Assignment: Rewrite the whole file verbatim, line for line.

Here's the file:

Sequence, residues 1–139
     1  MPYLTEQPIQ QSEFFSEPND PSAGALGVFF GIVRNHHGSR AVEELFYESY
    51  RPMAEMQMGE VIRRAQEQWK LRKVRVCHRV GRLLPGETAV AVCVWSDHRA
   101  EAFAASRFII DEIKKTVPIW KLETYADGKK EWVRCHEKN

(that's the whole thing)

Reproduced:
Sequence, residues 1–139
     1  MPYLTEQPIQ QSEFFSEPND PSAGALGVFF GIVRNHHGSR AVEELFYESY
    51  RPMAEMQMGE VIRRAQEQWK LRKVRVCHRV GRLLPGETAV AVCVWSDHRA
   101  EAFAASRFII DEIKKTVPIW KLETYADGKK EWVRCHEKN